Sustainability is set to play a prominent role in device development throughout 2023 and beyond. This week, Senior Design Engineer & Sustainability Champion, Will Morris discusses using LCA as a tool for sustainable medical device development:

So, what is an LCA?

According to ISO14040, a Life Cycle Assessment (LCA) addresses the environmental aspects and potential environmental impacts throughout a product’s life cycle; from raw material acquisition, throughout production, use, end-of-life treatment, recycling, and, final disposal.

What’s involved in an LCA?

There are 4 main phases in an LCA study:

1. Goal and Scope Definition

The depth and breadth of an LCA can differ considerably depending on the goal and scope of a particular LCA. A true or accurate LCA factors for the full product lifecycle, including raw material, processing, transportation, use, and waste/recovery. It’s common for some LCA’s not to account for some of these phases due to factors such as the availability of accurate data, the level of effort required to conduct the LCA, or decisions to hone focus on the high-impact phases for a particular device/system.

2. Inventory Analysis

This phase is aimed at gathering the input/output data regarding the device/system in question and creating an inventory of information and data to review throughout the assessment.

3. Impact Assessment

This phase supports the inventory analysis phase and provides additional information regarding the device/system being studied to better understand the environmental significance.

4. Interpretation

This final phase summarises the results of the LCA and can include recommendations for further decision making relative to the scope and goal of the device/system LCA.

 

Why do an LCA?

An LCA is a incredibly useful tool to help measure the environmental impact of a device or system. Without conducting an LCA, the true environmental impact is unknown.

An LCA helps inform decision making, whether it be design teams faced with the challenge of designing a more environmentally friendly solution, a procurement team faced with the challenge of purchasing more sustainable devices or, a consumer wishing to reduce their environmental impact.

LCA Criticisms:

A device/system’s environmental impact can appear to be relatively minor however, when you review the scope of the LCA, it may be that certain things have been removed or, the scope of the LCA is limited. An example of two very different LCA scopes are shown below:

 

Oftentimes it’s incredibly difficult to obtain actual data for most of your inventory therefore, you must rely on industry averages which may or may not be accurate for the particular device/system being studied.

Sustainability can be defined as the triple bottom line of environmental, social and financial factors. When reviewing an LCA, financial factors are rightfully out of scope however, the social implications of a device/system can be quite meaningful and could be justifiable to include into a social LCA.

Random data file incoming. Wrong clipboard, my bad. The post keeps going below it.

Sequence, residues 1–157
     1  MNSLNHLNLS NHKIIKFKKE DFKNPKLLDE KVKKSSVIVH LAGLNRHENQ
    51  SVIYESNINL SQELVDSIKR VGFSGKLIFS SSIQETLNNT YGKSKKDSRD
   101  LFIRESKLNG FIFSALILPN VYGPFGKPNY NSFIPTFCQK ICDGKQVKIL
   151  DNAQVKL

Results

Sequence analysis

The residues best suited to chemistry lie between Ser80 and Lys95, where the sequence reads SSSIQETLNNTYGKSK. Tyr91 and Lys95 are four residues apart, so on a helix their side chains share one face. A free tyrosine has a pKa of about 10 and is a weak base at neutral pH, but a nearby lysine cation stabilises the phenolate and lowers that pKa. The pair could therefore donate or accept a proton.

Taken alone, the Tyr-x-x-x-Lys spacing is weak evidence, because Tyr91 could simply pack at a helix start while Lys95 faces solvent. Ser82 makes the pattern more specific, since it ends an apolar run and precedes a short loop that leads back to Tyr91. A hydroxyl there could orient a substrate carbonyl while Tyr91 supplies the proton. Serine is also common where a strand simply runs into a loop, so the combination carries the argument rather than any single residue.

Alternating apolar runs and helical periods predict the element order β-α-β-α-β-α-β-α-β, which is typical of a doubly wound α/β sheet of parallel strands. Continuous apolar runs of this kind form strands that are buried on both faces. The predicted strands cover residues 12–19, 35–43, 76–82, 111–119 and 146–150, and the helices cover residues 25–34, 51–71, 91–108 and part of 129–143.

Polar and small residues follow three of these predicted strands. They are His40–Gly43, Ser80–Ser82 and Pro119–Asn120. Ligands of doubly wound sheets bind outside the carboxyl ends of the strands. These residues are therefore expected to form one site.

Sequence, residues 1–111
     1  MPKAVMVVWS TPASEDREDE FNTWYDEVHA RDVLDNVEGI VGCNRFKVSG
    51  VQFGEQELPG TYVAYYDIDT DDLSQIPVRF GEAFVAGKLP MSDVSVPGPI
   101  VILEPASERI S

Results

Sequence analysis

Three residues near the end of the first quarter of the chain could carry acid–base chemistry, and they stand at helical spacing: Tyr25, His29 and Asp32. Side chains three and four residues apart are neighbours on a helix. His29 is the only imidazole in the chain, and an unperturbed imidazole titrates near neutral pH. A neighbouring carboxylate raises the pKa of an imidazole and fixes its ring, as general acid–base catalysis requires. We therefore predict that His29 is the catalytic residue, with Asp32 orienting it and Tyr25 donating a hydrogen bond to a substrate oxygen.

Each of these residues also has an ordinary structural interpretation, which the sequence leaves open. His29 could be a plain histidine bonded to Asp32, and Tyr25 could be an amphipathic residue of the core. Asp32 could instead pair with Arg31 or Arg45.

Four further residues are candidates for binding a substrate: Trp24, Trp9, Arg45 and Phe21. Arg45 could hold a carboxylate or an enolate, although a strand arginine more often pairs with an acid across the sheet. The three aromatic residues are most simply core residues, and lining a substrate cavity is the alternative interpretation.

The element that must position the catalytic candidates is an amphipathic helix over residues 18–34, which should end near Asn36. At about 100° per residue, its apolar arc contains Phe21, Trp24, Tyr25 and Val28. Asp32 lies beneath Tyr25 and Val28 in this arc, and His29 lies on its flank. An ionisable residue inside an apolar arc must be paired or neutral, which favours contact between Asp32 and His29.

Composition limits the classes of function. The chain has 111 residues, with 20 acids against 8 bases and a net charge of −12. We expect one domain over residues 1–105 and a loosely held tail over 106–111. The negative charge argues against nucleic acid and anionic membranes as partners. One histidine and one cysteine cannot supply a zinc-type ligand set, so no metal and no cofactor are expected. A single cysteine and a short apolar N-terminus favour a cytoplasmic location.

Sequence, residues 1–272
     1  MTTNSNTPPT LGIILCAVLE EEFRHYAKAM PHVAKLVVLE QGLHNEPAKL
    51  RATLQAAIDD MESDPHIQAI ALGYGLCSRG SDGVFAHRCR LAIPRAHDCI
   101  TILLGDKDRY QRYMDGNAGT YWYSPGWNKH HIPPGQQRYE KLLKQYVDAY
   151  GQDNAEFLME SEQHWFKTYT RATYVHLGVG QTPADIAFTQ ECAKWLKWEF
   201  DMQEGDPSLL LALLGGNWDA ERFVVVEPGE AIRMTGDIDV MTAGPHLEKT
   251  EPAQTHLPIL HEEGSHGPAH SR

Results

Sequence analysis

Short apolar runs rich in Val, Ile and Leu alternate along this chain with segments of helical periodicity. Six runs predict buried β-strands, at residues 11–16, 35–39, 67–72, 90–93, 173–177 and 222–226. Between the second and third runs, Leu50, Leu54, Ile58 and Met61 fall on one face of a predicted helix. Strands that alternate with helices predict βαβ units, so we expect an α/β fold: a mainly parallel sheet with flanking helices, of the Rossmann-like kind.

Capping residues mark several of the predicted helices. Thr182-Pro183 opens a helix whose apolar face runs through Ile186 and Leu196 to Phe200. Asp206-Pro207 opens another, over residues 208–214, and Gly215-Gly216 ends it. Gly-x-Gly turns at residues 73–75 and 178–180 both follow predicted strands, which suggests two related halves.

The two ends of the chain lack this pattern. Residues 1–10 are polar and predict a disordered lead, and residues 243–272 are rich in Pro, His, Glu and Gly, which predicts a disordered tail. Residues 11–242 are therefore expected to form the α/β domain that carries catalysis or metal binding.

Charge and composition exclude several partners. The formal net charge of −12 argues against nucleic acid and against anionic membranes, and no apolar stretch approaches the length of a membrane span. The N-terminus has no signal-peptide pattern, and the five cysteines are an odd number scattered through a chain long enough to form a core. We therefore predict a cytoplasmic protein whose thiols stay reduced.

As a device development consultancy, an LCA is an incredibly valuable assessment tool and one that we strongly recommend to all of our clients and projects. Without data, we’re unable to make informed decisions. So, without an LCA for a device, we’re unable to say “device A is more environmentally friendly than device B”. Without and LCA we’re blind to the magnitude of the environmental impact we’re truly causing.

As previously discussed, LCA’s aren’t perfect and there are limitations to their true efficacy however, there are emerging systems like the Product Environmental Footprint, aiming to help harmonise and standardise the impact assessment method. That being said, Life Cycle Assessment is a tool that we can use today to help build a better and healthier world for tomorrow.

If you would like any further advice or guidance on the effective use of LCA to enhance the sustainability of your new product or medical device development project, we would gladly help – please get in touch.

William Morris - Senior Design Development Engineer & Business Development Manager at Haughton Design Will Morris 3 January 2023

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Get in Touch with Will Morris

Senior Design Development Engineer & Business Development Manager

Will graduated from the University of Wolverhampton with a degree in Product Design. Prior to Haughton Design, Will worked for Renishaw, where he led the industrial design for the current and next generation metal Additive Manufacturing machines. Will has a strong interest in Design for Sustainability, and the Circular Economy, looking to reduce companies’ environmental impact and often teaches about design engineering at local STEM events. Outside of work, Will enjoys Formula 1, rugby and travelling with friends.

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